--
    Evertjan.
    The Netherlands.
    (Please change the x'es to dots in my emailaddress)
    Evertjan., Jan 4, 2006
    #9
  10. Evertjan. wrote:
    >> Indeed, ASP renders moot any and all client-side scripting. Anything
    >> that can be done with DHTML can also be done with one or more
    >> round-trips.
    >>
    >> Or not.

    >
    > Without your "round trip",
    > there is no reason for manipulating a cookie.


    Without a further request, perhaps, but cookies can be useful for a host of
    reasons (like state memory), and I see no reason why a round-trip should be
    mandated for simply setting a cookie.


    > And I prefer the clientside code independence of ASP.


    As do I. But like every tool in the bag, client-side scripting has its uses.
    And occasionally it is appropriate for writing cookies.



    --
    Dave Anderson

    Unsolicited commercial email will be read at a cost of $500 per message. Use
    of this email address implies consent to these terms. Please do not contact
    me directly or ask me to contact you directly for assistance. If your
    question is worth asking, it's worth posting.
    Dave Anderson, Jan 5, 2006
    #10
  11. Scott

    Evertjan. Guest

    Dave Anderson wrote on 05 jan 2006 in
    microsoft.public.inetserver.asp.general:

    >> Without your "round trip",
    >> there is no reason for manipulating a cookie.

    >
    > Without a further request, perhaps, but cookies can be useful for a
    > host of reasons (like state memory), and I see no reason why a
    > round-trip should be mandated for simply setting a cookie.
    >


    That is not necessary as the "round trip" can wait till necessary anyway.

    --
    Evertjan.
    The Netherlands.
    (Please change the x'es to dots in my emailaddress)
    Evertjan., Jan 5, 2006
    #11
  12. Evertjan. wrote:
    >> Without a further request, perhaps, but cookies can be useful for a
    >> host of reasons (like state memory), and I see no reason why a
    >> round-trip should be mandated for simply setting a cookie.

    >
    > That is not necessary as the "round trip" can wait till necessary
    > anyway.


    You mean setting the cookie? That response assumes the round-trip is the
    next destination for the browser. What if the user just wants to do
    something else with the browser and then return to your page later?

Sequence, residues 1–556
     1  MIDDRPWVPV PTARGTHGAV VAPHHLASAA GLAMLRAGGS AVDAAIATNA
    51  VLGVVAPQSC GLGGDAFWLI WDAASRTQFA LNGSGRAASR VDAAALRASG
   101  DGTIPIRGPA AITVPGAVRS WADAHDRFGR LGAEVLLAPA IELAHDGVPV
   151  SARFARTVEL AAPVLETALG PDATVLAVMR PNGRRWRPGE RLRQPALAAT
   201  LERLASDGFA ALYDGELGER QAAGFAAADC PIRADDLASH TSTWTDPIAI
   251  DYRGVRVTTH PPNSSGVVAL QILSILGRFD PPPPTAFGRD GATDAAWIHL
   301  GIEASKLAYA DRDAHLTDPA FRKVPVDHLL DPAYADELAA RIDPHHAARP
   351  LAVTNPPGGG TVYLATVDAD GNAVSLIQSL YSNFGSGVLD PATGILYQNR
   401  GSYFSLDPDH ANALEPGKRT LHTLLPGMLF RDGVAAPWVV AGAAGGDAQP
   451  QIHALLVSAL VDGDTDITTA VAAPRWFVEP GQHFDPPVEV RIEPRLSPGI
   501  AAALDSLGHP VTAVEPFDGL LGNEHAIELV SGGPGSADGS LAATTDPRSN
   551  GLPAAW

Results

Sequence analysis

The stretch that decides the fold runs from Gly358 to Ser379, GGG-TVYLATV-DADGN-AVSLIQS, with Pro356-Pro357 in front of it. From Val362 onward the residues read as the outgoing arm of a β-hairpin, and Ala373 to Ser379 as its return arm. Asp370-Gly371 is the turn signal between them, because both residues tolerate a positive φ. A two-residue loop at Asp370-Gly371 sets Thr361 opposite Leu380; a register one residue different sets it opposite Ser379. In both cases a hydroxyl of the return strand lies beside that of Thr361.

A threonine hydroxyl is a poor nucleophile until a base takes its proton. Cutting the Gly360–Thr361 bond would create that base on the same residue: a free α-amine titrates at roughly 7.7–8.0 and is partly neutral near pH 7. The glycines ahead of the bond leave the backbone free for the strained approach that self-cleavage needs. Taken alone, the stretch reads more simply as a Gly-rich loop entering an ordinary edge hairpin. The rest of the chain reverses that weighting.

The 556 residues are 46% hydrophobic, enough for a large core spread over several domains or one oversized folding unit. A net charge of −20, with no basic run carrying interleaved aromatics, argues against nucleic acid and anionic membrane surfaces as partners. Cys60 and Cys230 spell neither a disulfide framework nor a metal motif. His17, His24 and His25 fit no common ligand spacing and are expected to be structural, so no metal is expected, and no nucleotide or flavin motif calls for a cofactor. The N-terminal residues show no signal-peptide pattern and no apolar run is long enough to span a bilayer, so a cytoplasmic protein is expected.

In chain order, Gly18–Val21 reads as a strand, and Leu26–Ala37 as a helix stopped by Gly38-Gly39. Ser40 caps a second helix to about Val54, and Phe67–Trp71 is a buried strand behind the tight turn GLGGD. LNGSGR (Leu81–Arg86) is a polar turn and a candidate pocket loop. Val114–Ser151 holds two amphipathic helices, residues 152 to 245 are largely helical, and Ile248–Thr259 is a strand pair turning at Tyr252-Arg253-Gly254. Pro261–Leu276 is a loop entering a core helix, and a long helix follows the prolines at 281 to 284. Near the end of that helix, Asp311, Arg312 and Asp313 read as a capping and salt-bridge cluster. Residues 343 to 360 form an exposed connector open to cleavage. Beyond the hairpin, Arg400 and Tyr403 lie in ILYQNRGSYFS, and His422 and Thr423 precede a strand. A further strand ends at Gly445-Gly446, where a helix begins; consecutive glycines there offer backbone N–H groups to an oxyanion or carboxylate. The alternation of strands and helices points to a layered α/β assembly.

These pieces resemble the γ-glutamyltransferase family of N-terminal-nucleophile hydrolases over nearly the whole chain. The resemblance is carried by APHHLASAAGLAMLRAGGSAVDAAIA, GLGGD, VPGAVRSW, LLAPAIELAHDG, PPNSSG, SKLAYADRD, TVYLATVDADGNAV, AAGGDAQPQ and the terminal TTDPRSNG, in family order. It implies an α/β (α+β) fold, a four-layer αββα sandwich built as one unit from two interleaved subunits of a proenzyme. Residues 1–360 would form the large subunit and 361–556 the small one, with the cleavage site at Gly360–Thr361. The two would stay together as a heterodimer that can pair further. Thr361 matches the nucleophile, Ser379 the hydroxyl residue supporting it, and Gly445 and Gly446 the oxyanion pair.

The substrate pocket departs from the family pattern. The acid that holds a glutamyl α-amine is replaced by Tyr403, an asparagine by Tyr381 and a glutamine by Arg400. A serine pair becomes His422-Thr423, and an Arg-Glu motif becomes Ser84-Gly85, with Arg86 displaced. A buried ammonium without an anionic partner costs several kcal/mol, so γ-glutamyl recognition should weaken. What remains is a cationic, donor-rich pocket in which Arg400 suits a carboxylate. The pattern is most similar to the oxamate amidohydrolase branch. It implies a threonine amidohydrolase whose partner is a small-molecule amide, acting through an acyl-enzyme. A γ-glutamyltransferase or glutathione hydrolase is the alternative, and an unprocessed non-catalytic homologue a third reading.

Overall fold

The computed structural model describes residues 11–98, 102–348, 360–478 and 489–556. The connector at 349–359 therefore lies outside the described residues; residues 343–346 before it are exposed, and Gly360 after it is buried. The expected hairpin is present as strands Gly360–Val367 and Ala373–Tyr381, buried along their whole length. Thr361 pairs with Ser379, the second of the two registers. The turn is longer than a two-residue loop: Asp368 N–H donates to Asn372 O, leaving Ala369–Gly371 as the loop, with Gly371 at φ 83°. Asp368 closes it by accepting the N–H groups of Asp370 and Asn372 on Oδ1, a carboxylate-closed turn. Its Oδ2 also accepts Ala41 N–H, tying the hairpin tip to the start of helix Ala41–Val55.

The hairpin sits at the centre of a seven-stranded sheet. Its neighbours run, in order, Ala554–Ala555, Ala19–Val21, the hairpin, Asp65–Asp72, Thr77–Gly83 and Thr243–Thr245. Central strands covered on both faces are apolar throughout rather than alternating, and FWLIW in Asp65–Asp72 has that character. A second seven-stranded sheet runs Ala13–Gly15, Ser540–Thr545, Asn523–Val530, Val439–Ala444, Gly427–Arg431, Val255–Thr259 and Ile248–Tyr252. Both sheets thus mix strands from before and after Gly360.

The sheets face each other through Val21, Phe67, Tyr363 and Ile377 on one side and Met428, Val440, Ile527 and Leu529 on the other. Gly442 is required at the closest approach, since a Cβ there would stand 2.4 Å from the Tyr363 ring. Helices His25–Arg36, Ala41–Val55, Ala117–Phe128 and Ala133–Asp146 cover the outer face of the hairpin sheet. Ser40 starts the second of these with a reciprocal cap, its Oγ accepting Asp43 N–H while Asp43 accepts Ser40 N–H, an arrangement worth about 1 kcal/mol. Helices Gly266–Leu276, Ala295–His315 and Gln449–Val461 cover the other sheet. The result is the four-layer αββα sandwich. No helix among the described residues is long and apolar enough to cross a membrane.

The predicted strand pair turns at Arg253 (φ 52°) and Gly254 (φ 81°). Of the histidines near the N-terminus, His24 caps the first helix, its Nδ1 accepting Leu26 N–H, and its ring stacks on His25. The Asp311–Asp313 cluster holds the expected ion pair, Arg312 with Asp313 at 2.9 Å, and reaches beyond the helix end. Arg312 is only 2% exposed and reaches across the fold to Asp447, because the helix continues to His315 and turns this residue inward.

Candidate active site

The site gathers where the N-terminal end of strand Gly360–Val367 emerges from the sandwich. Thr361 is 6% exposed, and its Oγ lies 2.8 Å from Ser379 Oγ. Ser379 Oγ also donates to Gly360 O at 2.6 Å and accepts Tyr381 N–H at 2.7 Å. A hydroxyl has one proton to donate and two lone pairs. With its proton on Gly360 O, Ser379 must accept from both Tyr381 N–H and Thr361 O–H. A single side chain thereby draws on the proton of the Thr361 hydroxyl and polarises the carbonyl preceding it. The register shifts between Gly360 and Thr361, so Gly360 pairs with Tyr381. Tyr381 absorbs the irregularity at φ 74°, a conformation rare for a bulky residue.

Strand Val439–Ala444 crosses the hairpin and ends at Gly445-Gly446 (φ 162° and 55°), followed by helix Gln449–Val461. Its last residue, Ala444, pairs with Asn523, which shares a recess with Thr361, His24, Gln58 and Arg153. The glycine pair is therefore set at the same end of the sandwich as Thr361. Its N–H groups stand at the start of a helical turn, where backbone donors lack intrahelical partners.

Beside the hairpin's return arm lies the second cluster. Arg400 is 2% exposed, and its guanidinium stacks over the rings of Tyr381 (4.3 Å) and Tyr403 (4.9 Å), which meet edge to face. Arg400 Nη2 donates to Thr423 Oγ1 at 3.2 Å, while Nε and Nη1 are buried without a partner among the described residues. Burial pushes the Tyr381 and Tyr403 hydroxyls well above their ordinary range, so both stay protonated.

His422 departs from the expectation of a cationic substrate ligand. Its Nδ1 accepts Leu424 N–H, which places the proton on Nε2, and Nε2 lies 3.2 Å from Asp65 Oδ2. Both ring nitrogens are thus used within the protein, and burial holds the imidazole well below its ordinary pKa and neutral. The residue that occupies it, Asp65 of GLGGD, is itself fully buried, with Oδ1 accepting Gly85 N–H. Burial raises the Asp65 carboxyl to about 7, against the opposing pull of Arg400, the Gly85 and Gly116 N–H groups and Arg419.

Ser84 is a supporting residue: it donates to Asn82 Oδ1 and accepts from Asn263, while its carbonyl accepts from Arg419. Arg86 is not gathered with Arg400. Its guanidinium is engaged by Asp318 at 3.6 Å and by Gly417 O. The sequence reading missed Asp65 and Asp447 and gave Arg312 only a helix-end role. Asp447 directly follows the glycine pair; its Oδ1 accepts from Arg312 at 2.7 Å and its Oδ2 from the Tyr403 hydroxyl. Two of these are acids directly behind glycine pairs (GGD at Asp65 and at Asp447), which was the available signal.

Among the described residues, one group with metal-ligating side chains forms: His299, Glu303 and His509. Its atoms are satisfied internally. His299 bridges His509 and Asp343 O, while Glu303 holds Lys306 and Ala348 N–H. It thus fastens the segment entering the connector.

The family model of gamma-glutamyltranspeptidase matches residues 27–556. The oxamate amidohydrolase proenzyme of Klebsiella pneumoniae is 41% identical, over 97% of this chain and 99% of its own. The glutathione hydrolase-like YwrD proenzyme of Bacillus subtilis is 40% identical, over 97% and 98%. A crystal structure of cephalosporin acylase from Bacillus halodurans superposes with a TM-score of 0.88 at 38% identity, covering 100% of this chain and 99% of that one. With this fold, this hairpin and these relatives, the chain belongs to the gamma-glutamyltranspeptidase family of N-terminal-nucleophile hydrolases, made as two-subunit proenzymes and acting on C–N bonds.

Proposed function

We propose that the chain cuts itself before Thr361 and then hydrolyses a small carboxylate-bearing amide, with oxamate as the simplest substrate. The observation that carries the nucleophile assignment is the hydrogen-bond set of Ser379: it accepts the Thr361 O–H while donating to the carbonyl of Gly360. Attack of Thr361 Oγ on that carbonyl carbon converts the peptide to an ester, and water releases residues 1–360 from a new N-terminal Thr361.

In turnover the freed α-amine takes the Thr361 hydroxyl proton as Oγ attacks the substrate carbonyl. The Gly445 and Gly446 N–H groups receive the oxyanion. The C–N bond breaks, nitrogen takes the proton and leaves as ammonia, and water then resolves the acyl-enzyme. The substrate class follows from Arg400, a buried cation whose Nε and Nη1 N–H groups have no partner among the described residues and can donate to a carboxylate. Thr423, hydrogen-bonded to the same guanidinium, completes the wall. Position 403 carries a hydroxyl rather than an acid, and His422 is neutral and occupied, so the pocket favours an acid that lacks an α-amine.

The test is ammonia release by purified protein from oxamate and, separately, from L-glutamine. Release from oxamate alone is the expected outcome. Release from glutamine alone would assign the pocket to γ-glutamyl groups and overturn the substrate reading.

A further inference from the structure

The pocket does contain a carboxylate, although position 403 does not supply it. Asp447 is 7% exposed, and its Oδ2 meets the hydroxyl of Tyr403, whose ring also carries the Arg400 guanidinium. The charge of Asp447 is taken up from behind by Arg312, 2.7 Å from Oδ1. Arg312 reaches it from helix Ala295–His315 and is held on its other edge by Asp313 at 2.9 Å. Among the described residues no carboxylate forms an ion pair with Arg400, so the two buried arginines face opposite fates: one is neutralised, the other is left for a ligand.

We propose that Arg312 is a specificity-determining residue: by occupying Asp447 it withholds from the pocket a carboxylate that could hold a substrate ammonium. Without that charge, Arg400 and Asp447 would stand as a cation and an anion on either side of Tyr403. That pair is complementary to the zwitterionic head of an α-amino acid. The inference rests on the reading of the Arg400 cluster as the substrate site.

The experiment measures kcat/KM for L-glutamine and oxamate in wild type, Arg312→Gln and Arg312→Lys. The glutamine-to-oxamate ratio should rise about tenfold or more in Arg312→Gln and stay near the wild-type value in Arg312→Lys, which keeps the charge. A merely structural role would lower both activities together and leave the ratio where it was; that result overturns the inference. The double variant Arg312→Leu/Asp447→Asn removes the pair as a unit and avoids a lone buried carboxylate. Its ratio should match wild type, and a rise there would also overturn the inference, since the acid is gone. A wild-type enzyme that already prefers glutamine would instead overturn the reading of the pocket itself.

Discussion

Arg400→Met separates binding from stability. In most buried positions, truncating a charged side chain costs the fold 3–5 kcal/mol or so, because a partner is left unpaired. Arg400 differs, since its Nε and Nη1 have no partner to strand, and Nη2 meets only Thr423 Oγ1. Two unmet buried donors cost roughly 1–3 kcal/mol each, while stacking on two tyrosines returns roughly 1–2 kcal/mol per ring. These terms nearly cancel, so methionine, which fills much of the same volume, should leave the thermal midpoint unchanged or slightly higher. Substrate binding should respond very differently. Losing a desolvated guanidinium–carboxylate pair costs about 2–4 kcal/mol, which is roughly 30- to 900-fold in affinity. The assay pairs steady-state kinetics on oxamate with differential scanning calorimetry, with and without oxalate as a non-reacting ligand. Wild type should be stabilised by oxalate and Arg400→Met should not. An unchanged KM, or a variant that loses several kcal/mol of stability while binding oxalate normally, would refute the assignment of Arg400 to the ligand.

Opportunity lost.



    --
    Dave Anderson

    Unsolicited commercial email will be read at a cost of $500 per message. Use
    of this email address implies consent to these terms. Please do not contact
    me directly or ask me to contact you directly for assistance. If your
    question is worth asking, it's worth posting.
    Dave Anderson, Jan 5, 2006
    #12
  13. Scott

    Evertjan. Guest

    Dave Anderson wrote on 05 jan 2006 in
    microsoft.public.inetserver.asp.general:

    > Evertjan. wrote:
    >>> Without a further request, perhaps, but cookies can be useful for a
    >>> host of reasons (like state memory), and I see no reason why a
    >>> round-trip should be mandated for simply setting a cookie.

    >>
    >> That is not necessary as the "round trip" can wait till necessary
    >> anyway.

    >
    > You mean setting the cookie? That response assumes the round-trip is the
    > next destination for the browser. What if the user just wants to do
    > something else with the browser and then return to your page later?
    > Opportunity lost.


    True.

    I still think in a aspable environment, one should not demean oneself
    to a clientside construct. Usually there is a way around that.


    --
    Evertjan.
    The Netherlands.
    (Please change the x'es to dots in my emailaddress)
    Evertjan., Jan 5, 2006
    #13
  14. Evertjan. wrote:
    > I still think in a aspable environment, one should not demean
    > oneself to a clientside construct. Usually there is a way
    > around that.


    I don't quite see it that way. I think the server-side approach is better,
    most of the time. But I am not fond of ironclad rules -- those that use
    words like ALWAYS or NEVER. Here is one I NEVER break: ALWAYS assume the
    client can manipulate any part of the request.

    With that in mind, I generally treat client-side scripting as a tool to make
    the experience more convenient for the user. If the OP had that purpose in
    mind and chose to tweak some cookies on the client-side, and those cookies
    have keys, then he must dispose of each key-value pair, not just the one
    being changed. Your opinion does not change that fact.



    --
    Dave Anderson

    Unsolicited commercial email will be read at a cost of $500 per message. Use
    of this email address implies consent to these terms. Please do not contact
    me directly or ask me to contact you directly for assistance. If your
    question is worth asking, it's worth posting.
    Dave Anderson, Jan 5, 2006
    #14